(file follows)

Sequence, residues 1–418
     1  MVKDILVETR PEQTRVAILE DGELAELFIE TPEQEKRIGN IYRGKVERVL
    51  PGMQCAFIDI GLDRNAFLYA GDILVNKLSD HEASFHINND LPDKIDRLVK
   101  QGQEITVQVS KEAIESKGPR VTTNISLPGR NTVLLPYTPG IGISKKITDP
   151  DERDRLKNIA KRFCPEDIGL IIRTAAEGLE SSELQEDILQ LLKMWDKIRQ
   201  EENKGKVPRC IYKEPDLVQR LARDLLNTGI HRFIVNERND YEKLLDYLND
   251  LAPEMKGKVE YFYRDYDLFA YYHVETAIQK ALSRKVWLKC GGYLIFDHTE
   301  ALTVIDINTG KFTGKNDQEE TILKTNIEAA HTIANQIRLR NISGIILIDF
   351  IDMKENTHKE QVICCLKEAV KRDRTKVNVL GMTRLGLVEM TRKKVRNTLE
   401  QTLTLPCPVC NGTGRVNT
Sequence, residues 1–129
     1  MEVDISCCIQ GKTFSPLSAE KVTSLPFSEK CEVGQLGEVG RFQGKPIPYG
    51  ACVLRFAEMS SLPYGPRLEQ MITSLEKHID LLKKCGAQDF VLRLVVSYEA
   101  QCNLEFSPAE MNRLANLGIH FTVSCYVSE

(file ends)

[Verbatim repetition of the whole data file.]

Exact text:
Sequence, residues 1–418
     1  MVKDILVETR PEQTRVAILE DGELAELFIE TPEQEKRIGN IYRGKVERVL
    51  PGMQCAFIDI GLDRNAFLYA GDILVNKLSD HEASFHINND LPDKIDRLVK
   101  QGQEITVQVS KEAIESKGPR VTTNISLPGR NTVLLPYTPG IGISKKITDP
   151  DERDRLKNIA KRFCPEDIGL IIRTAAEGLE SSELQEDILQ LLKMWDKIRQ
   201  EENKGKVPRC IYKEPDLVQR LARDLLNTGI HRFIVNERND YEKLLDYLND
   251  LAPEMKGKVE YFYRDYDLFA YYHVETAIQK ALSRKVWLKC GGYLIFDHTE
   301  ALTVIDINTG KFTGKNDQEE TILKTNIEAA HTIANQIRLR NISGIILIDF
   351  IDMKENTHKE QVICCLKEAV KRDRTKVNVL GMTRLGLVEM TRKKVRNTLE
   401  QTLTLPCPVC NGTGRVNT
Sequence, residues 1–129
     1  MEVDISCCIQ GKTFSPLSAE KVTSLPFSEK CEVGQLGEVG RFQGKPIPYG
    51  ACVLRFAEMS SLPYGPRLEQ MITSLEKHID LLKKCGAQDF VLRLVVSYEA
   101  QCNLEFSPAE MNRLANLGIH FTVSCYVSE